Rich in human foibles and thrills Cleveland Plain Dealer
Richard Holmes who is almost unfairly gifted both as a writer of living, luminous prose and as a tireless researcher braids Herschel's story together with a dozen others to create the most joyful, exciting book of the year. Time Magazine, The Top 10 Everything of 2009
If, like me, you didn't study much science after high school, this absorbing narrative will make you appreciate the gravity of your mistake. At one level, it is simply an enchanting group biography of the great British discoverers Joseph Banks, Humphrey Davy, and William Herschel, and their relationships with the likes of Keats, Coleridge, Byron and the Shelleys. At another, Holmes's book is a persuasive plea to heal the pointless breach between the "two cultures" of science and the humanities. Reading it made we want to do college over, this time as a history of science major. Slate, Best Books of 2009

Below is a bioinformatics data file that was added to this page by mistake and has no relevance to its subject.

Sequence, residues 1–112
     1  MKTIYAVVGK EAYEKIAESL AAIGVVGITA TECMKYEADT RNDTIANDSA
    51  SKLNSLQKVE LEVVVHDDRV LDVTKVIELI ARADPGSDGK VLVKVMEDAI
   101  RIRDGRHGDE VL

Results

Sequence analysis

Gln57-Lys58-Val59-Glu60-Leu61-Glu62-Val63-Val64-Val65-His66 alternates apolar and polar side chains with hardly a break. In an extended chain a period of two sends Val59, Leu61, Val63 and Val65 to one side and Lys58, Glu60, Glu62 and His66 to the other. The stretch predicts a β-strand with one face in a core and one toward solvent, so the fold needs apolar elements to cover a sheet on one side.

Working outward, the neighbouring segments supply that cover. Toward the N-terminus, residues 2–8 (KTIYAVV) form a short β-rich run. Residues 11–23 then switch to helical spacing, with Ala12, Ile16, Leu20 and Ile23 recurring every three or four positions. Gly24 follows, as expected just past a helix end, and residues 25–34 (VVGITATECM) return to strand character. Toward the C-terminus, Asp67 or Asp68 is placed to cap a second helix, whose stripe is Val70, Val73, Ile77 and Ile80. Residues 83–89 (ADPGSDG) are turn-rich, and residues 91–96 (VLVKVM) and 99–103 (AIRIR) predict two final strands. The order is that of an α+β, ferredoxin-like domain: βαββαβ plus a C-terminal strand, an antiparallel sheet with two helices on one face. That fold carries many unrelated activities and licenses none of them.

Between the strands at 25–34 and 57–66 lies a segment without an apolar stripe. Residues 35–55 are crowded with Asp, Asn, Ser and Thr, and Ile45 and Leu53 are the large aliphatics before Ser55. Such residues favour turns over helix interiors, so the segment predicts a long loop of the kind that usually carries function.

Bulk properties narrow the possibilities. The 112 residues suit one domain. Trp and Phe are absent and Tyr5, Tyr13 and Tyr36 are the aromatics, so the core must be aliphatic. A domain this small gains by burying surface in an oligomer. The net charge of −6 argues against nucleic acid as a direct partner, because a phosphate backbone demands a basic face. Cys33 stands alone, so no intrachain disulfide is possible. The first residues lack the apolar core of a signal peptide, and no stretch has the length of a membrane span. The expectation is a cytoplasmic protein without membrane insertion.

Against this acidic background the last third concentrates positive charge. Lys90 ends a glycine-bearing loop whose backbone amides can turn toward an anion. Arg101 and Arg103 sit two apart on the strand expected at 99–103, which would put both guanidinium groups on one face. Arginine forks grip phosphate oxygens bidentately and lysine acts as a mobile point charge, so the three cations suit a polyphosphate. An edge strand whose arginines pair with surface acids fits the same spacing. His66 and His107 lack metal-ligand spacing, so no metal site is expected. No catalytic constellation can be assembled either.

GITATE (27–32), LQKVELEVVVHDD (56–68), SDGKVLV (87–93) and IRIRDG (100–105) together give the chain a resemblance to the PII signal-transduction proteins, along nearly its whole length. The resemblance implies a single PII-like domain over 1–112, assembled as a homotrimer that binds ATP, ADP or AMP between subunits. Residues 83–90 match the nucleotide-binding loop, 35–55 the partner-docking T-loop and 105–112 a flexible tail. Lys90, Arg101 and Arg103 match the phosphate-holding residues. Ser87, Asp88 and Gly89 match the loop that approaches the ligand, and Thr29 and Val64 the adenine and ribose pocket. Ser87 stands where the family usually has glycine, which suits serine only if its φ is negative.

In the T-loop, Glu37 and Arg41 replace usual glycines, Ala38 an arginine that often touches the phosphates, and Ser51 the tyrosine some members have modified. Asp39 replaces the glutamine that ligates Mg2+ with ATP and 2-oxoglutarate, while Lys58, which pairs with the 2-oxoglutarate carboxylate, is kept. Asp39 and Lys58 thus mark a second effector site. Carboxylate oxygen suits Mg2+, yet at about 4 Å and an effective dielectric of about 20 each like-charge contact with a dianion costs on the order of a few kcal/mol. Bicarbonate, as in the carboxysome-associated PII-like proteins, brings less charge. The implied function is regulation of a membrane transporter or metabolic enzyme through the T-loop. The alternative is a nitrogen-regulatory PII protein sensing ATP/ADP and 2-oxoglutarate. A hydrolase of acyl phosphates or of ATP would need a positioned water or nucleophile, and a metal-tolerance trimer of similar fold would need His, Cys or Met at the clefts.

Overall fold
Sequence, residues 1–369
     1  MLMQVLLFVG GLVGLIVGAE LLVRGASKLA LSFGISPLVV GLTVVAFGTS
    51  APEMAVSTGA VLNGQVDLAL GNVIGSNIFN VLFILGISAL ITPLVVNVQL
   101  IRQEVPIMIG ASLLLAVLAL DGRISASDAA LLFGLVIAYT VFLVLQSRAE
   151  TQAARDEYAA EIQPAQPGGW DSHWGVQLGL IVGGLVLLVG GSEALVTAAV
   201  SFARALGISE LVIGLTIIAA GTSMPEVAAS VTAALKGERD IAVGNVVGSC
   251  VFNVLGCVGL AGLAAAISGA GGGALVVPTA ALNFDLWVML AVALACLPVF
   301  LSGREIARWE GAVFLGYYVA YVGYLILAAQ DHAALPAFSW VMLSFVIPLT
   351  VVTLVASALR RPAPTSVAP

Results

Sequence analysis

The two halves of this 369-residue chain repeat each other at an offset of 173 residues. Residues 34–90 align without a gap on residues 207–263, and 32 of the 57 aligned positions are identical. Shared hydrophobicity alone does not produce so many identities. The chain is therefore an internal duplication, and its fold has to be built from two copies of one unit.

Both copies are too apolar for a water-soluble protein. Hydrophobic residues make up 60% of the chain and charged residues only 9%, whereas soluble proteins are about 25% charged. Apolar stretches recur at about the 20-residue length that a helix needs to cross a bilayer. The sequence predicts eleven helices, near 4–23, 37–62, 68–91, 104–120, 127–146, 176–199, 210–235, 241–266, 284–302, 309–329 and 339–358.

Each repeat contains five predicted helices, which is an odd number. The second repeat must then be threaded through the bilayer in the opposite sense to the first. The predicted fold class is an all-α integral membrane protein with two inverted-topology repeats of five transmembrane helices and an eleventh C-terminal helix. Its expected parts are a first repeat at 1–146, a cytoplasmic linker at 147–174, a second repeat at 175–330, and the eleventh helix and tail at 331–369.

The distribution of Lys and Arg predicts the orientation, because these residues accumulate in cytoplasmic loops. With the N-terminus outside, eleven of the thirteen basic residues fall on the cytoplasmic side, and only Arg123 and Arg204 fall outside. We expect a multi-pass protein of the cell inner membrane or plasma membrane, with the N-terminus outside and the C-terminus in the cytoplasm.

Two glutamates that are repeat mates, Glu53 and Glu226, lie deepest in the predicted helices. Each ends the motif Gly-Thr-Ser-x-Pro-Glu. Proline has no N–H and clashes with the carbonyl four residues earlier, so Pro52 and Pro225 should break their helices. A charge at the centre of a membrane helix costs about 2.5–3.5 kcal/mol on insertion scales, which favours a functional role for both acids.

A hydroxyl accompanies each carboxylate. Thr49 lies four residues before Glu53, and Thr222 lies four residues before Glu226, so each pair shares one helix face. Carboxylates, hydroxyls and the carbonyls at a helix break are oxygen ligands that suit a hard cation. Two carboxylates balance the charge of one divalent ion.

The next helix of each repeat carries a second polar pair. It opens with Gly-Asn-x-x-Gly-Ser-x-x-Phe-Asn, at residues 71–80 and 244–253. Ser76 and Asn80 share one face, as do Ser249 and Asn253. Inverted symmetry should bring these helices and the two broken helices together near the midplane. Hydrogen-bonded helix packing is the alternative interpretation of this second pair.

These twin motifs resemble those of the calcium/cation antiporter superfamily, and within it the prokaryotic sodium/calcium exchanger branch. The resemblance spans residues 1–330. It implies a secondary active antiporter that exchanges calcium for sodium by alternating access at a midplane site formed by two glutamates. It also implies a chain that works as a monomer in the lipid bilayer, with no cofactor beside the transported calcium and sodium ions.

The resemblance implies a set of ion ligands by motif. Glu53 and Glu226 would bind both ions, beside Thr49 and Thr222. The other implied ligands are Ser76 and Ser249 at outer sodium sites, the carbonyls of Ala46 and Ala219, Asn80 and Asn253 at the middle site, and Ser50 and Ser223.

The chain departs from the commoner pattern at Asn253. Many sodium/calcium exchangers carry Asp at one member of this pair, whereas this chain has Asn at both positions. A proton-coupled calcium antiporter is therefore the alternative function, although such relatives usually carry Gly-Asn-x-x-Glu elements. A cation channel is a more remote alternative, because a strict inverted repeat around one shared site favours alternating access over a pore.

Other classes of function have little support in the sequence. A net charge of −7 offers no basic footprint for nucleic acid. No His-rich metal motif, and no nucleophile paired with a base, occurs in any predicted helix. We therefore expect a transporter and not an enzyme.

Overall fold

"What's superlative about "The Age of Wonder" is that Holmes, author of vivid biographies of Shelley and Coleridge, takes the air out of the terms "subjectivity" and "objectivity" and reveals the ways in which the artists were as enveloped in science as the men and women in the labs around them. In a harmony of scientific and artistic sensibilities, he shows, the Romantics tapped the marvels of nature and sounded the infinite benefits of science. It's a song, if we can hear it, that can transform us today." Salon
"For Holmes to bring those people back to life is a great achievement this is the finest history of science book I've come across." Physics Today